On one end of the spectrum is Las Vegas. According to the website Without Baggage, it’s the fakest place on earth with a fake Rome, Venice, Paris and even a fake Treasure Island – a fake of a fake. OK, Las Vegas is an obvious and in some ways funny if not a bit ridiculous example but what about Colonial Williamsburg. I LOVE Williamsburg and it too is a complete reconstruction, perhaps a worthier reconstruction, but a fake just the same. 

So what makes a travel experience authentic? A trickier question than it first appears. Mark Jones a travel writer and frequent contributor on the BA Highlife website answers it this way:

“My definition is this: authentic places are those which are comfortable in their own skin. An authentic travel experience is when you get under the skin of that place. An authentic tourist is someone who is changed by a place and doesn’t seek to change it. Let’s celebrate them.”

A pretty good definition. You can read the entire article here and check out BA Highlife’s list of the 50 most authentic places on earth here.

The No Crowds definition, which borrows heavily from Supreme Court Justice Potter Stewart regarding obscenity, is this:

Authentic? I know it when I see it, and the recreation of Cadaques on the coast of main land China is definitely not that.

So what’s your definition?

Monday, August 09, 2010

Will Travel Make You Happier?

The business section of the New York Times ran a major story on consumption and happiness this weekend.  To sum up the findings of a number of prominent psychologists quoted in the article, spending on an experience provides more lasting happiness than spending on stuff.
According to Sonja Lyubomirsky, a professor at the University of California, Riverside with a grant from the US National Institute of Mental Health to study the possibility of permanently increasing happiness, spending on travel experiences is a happiness ‘best buy’. She claims that travel provides longer-lasting happiness because unlike a new jacket or a TV, it cannot be consumed in one go. Travel enhances social relations.  It creates memories that can be savored. Most importantly, Lyubomirsky argues, we edit those memories to put a positive spin on the past. “That trip to Rome during which you waited in endless lines, broke your camera and argued with your spouse will typically be airbrushed with rosy recollection.”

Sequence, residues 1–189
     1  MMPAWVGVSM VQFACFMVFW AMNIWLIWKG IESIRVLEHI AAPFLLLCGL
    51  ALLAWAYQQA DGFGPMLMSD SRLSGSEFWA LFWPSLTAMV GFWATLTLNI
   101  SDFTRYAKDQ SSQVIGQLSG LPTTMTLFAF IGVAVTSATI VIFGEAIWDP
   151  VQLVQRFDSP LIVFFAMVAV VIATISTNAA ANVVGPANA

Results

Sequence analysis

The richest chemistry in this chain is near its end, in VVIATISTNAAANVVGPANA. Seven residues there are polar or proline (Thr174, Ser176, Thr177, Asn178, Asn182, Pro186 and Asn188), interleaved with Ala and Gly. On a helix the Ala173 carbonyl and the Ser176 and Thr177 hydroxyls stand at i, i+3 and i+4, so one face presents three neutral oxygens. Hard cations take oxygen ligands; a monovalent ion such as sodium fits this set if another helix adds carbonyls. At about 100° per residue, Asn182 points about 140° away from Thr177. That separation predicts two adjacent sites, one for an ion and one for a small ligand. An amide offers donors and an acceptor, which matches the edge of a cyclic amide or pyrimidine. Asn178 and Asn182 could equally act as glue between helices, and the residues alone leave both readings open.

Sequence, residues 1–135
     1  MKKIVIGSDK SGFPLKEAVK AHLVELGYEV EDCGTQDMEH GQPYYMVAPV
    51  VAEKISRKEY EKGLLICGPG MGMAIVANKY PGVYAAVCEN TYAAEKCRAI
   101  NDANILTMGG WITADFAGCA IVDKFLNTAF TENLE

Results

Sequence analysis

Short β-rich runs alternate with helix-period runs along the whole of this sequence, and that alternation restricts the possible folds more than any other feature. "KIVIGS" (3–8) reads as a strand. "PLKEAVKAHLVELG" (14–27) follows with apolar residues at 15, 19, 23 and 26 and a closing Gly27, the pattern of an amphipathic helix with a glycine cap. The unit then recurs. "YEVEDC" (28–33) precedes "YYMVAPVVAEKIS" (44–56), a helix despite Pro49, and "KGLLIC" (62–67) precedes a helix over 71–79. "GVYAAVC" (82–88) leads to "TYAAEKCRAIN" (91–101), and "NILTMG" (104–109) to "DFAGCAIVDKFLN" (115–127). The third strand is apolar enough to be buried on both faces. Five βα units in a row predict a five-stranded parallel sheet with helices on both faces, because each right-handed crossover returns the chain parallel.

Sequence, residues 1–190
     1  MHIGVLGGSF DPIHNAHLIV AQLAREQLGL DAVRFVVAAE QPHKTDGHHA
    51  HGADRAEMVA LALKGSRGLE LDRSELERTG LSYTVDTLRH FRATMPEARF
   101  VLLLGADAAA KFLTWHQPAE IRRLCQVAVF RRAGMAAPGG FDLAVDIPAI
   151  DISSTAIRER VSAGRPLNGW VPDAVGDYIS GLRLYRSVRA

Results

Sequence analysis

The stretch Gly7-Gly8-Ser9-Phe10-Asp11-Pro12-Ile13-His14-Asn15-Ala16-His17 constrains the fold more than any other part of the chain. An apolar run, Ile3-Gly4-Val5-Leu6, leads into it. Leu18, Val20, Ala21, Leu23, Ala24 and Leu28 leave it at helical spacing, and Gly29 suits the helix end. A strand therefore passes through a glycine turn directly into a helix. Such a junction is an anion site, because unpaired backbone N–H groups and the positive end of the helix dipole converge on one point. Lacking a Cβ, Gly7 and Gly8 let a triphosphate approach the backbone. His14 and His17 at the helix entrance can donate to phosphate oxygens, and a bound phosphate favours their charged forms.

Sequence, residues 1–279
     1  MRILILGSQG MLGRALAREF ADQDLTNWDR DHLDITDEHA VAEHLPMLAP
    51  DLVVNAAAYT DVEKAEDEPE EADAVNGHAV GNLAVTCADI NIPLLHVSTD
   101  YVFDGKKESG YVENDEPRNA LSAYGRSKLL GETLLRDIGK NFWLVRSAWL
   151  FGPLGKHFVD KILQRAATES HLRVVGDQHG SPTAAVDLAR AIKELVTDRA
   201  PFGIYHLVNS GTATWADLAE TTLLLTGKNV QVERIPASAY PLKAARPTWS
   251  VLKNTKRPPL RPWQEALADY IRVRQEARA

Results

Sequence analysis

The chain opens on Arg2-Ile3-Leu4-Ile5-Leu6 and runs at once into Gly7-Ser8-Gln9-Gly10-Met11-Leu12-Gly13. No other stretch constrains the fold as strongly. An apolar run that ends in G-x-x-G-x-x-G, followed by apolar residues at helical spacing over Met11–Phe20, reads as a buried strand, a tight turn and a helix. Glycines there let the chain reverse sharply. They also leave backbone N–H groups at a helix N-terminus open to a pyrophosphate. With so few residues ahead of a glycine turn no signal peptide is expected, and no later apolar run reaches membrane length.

I’m not so convinced about the ‘rosy recollection’ part, I remember a lot of terrible trips very vividly, but I am sold on the idea that travel experiences create the best emotional bang for your dollar – or pound, euro or whatever. I’m thinking, in fact, about this year’s summer trip to North Carolina. I’ve been back in London for almost a week, but I am still happier than when I left. Why? Because I am emotionally satisfied. It’s not so much what we did in North Carolina. In fact, we do the same things every year. We eat barbeque, go to the beach, play tennis and visit Chapel Hill. The reason I am emotionally satisfied is the simple but invaluable pleasure of doing those things with the same people every year, a collection of friends and relations with whom I hope to be forever connected. Whatever it cost to get to North Carolina this summer was money well spent and a much better buy than the new chairs I was considering. I think the New York Times is right. Spending on experiences, particularly travel experiences, does make you happier.